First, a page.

Hassan v. The United States Office of Foreign Assets Control (OFAC) et al

Filing 56

ORDER signed by Magistrate Judge Kendall J. Newman on 9/8/14 GRANTING 49 Motion to Set Aside Clerk's Entry of Default. Response to amended complaint due within 21 days. (Manzer, C)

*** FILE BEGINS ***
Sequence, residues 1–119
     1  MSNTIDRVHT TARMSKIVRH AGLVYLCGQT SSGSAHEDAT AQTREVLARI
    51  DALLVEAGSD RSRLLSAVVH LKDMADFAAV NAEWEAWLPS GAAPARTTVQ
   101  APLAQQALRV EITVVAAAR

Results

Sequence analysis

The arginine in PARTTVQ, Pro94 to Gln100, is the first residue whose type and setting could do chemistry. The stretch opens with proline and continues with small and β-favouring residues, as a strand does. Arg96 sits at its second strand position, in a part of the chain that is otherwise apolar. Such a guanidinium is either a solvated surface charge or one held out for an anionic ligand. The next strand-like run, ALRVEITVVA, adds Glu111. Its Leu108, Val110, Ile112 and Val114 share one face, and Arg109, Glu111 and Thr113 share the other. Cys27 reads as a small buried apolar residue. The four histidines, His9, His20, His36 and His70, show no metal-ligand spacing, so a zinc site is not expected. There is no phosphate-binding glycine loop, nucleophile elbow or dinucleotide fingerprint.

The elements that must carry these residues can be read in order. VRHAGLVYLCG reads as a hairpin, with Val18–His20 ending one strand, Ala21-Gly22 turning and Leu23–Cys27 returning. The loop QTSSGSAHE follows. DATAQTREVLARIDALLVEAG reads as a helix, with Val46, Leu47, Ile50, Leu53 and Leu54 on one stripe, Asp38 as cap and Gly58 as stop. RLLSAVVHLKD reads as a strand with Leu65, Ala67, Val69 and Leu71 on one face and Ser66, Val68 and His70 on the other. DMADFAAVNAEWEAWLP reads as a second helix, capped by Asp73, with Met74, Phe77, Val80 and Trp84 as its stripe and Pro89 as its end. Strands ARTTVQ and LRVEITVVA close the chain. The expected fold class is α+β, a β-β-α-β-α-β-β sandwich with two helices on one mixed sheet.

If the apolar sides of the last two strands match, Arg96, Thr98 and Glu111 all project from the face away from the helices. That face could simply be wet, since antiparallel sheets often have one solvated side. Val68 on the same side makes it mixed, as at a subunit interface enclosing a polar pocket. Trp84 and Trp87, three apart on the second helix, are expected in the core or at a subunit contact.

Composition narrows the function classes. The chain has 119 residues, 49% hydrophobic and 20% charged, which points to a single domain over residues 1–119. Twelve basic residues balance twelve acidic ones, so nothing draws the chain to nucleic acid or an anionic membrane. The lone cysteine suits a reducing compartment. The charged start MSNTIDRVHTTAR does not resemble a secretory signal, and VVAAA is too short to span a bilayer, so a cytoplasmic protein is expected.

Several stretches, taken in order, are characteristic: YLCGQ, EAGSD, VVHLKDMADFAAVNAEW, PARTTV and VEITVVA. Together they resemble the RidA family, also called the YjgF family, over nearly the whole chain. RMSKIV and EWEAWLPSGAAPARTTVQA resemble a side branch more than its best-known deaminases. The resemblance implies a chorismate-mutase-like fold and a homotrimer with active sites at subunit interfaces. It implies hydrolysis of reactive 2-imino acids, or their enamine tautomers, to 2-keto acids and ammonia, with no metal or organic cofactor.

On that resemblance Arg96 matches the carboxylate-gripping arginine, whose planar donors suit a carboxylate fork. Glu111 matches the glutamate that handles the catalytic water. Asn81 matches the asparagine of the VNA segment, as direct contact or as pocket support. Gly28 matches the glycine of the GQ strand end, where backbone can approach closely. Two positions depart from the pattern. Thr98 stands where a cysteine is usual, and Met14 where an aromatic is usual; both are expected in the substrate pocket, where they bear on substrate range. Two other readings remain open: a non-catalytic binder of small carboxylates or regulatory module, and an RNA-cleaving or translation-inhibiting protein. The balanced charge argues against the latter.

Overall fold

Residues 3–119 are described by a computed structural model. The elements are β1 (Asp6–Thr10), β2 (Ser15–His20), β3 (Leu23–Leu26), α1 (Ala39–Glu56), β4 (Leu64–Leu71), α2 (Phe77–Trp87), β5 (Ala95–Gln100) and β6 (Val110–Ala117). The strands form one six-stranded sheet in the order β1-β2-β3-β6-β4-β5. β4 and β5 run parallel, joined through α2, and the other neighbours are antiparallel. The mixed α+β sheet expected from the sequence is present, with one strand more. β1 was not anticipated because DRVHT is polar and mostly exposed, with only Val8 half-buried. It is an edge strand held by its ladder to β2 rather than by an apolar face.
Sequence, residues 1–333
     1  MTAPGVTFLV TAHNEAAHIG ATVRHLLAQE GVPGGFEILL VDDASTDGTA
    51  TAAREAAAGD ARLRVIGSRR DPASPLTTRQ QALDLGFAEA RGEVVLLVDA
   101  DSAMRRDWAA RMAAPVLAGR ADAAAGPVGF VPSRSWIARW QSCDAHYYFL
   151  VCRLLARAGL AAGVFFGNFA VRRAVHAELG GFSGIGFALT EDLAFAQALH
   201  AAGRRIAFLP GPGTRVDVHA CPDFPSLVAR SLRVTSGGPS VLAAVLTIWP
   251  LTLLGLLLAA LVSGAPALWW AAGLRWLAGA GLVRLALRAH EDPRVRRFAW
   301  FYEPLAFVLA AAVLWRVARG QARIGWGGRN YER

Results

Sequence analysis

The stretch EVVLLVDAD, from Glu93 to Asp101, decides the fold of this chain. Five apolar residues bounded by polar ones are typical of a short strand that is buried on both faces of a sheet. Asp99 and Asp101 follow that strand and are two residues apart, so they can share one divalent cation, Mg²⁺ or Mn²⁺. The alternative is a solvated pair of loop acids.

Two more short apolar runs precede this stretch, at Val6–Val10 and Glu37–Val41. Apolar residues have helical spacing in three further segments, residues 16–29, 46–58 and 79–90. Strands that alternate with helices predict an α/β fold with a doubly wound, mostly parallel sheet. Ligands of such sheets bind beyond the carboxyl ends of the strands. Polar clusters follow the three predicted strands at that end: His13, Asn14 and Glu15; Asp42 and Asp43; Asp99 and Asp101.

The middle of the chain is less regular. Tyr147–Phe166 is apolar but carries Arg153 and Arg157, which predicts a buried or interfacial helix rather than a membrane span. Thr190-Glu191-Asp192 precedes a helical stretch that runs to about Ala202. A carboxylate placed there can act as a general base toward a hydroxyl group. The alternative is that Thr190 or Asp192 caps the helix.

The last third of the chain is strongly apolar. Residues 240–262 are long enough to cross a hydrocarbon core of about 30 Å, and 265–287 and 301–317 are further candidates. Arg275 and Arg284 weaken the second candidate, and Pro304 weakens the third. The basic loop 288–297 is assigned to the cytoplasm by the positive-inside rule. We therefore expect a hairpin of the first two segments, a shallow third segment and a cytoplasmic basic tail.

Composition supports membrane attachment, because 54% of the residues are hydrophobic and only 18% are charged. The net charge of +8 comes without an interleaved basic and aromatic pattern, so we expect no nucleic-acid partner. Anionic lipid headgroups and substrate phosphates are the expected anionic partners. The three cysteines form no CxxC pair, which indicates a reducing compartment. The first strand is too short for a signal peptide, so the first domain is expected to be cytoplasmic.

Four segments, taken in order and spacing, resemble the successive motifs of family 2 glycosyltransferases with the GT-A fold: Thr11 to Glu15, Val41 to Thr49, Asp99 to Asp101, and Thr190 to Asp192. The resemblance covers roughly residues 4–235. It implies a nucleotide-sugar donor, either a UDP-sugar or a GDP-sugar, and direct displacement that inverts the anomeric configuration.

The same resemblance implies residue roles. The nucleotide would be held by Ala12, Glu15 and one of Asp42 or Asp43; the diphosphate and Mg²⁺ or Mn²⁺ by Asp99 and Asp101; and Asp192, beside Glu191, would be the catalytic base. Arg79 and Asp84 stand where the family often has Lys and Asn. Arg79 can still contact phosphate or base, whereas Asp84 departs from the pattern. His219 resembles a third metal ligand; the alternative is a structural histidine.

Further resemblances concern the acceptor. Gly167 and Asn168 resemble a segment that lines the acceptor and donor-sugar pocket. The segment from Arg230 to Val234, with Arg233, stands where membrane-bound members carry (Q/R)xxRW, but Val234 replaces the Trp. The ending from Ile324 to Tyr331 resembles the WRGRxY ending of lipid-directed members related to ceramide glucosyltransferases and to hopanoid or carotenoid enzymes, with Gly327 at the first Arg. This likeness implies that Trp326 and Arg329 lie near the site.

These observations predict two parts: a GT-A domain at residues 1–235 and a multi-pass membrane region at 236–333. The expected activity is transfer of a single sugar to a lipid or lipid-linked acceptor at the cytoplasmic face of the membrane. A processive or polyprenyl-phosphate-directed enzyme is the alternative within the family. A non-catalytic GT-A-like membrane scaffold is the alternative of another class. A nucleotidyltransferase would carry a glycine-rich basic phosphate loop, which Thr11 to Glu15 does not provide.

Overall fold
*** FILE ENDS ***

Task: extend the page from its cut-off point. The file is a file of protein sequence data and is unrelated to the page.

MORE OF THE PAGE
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1 2 3 4 5 6 7 8 UNITED STATES DISTRICT COURT 9 FOR THE EASTERN DISTRICT OF CALIFORNIA 10 11 ALLEN C. HASSAN, 12 Plaintiff, 13 14 15 No. 2:13-cv-1942-KJM-KJN v. ORDER THE UNITED STATES OFFICE OF FOREIGN ASSETS CONTROL, et al., Defendants. 16 Presently pending before the court is defendant Corelogic Credco, LLC’s (“Corelogic”) 17 18 motion to set aside the Clerk of Court’s entry of default against it. (ECF No. 49.) Plaintiff Allen 19 C. Hassan has not opposed the motion in accordance with Local Rule 230(c).1 For the reasons 20 discussed below, the court GRANTS the motion. Federal Rule of Civil Procedure 55(c) provides that “[t]he court may set aside an entry of 21 22 default for good cause….” Fed. R. Civ. P. 55(c). The Ninth Circuit Court of Appeals has 23 instructed that a court must consider three factors in determining whether or not good cause 24 exists: (1) whether the party seeking to set aside the default engaged in culpable conduct that led 25 to the default; (2) whether it has no meritorious defense; and (3) whether setting aside the entry of 26 27 28 1 After the deadline to file an opposition pursuant to Local Rule 230(c) expired, the motion was submitted on the record and without oral argument pursuant to Local Rule 230(g), and the September 18, 2014 hearing was vacated. (ECF No. 55.) 1 1 default would prejudice the other party. See United States v. Signed Personal Check No. 730 of 2 Yubran S. Mesle, 615 F.3d 1085, 1091 (9th Cir. 2010). “This standard…is disjunctive, such that 3 a finding that any one of these factors is true is sufficient reason for the district court to refuse to 4 set aside the default.” Id. “Crucially, however, judgment by default is a drastic step appropriate 5 only in extreme circumstances; a case should, whenever possible, be decided on the merits.” Id. 6 In this case, Corelogic did not engage in culpable conduct leading to the default. Indeed, 7 Corelogic argues that it was never properly served with process, because Corelogic’s agent for 8 service of process in California, Corporation Service Company (“CSC”) sent plaintiff a 9 “Rejection of Service of Process,” indicating that plaintiff had not properly identified the party to 10 be served, and CSC thus never forwarded the process documents to Corelogic. Notably, plaintiff 11 did not mention in his request for entry of default or subsequent motion for default judgment that 12 service of process had been rejected by CSC; nor did plaintiff serve the request for entry of 13 default or motion for default judgment2 on Corelogic.3 According to Corelogic, it did not learn of 14 the action until August 2014, after which it promptly moved to set aside the entry of default. In 15 light of these arguments, which are unopposed by plaintiff, the court cannot conclude that 16 Corelogic engaged in culpable conduct, even assuming arguendo that service of process was 17 technically accomplished. Additionally, although the court makes no determination regarding the merits of plaintiff’s 18 19 claims or any defense to such claims, the present record does not suggest that Corelogic has no 20 potentially meritorious defense to plaintiff’s claims. Corelogic’s present motion, unopposed by 21 plaintiff, articulates at least some potential defenses to plaintiff’s claims. 22 //// 23 2 24 For unrelated reasons, the court denied plaintiff’s motion for entry of default judgment against Corelogic without prejudice on August 22, 2014. (See ECF No. 51.) 25 3 26 27 Counsel for Corelogic suggests that, if anyone engaged in culpable conduct, it was plaintiff, because plaintiff knew that Corelogic’s present counsel had defended Corelogic in a previous lawsuit brought by plaintiff and thus could surmise that Corelogic would defend itself in this action, if Corelogic knew about it. Corelogic contends that plaintiff’s failure to at least contact counsel for Corelogic amounted to opportunistic gamesmanship. 28 2 1 Finally, setting aside the entry of default would not result in any significant prejudice to 2 plaintiff. Plaintiff only relatively recently on July 15, 2014 filed his first amended complaint 3 (ECF No. 38), and a pretrial scheduling order setting a trial date and pre-trial scheduling 4 deadlines has not yet been entered. Plenty of time for discovery, motion practice, and other trial 5 preparation remains. To be prejudicial, the setting aside of the entry of default “must result in 6 greater harm than simply delaying resolution of the case.” Mesle, 615 F.3d at 1095; see also TCI 7 Group Life Ins. Plan v. Knoebber, 244 F.3d 691, 701 (9th Cir. 2001), overruled on other grounds, 8 Egelhoff v. Egelhoff, 532 U.S. 141 (2001) (“merely being forced to litigate on the merits cannot 9 be considered prejudicial for purposes of lifting a default judgment”). 10 After carefully considering the relevant factors, and cognizant of the general public policy 11 favoring disposition of cases on their merits, the court finds that good cause exists to set aside the 12 Clerk of Court’s entry of default against Corelogic. 13 Accordingly, IT IS HEREBY ORDERED that: 14 1. Defendant Corelogic Credco, LLC’s motion to set aside the Clerk of Court’s entry of 15 default against it (ECF No. 49) is GRANTED. 16 2. The Clerk of Court shall vacate the entry of default as to defendant Corelogic Credco, 17 LCC, entered on April 3, 2014. (See ECF No. 34.) 18 3. Within 21 days of this order, defendant Corelogic Credco, LLC shall file a response to plaintiff’s operative first amended complaint.4 19 20 21 IT IS SO ORDERED. Dated: September 8, 2014 22 23 24 25 26 27 28 4 If Corelogic elects to file a motion pursuant to Federal Rule of Civil Procedure 12, such motion should be noticed before the assigned district judge, the Hon. Kimberly J. Mueller. Although plaintiff is representing himself, plaintiff is a licensed attorney admitted to the bar of this court. As such, this action has not been classified as a pro se action pursuant to Local Rule 302(c)(21). 3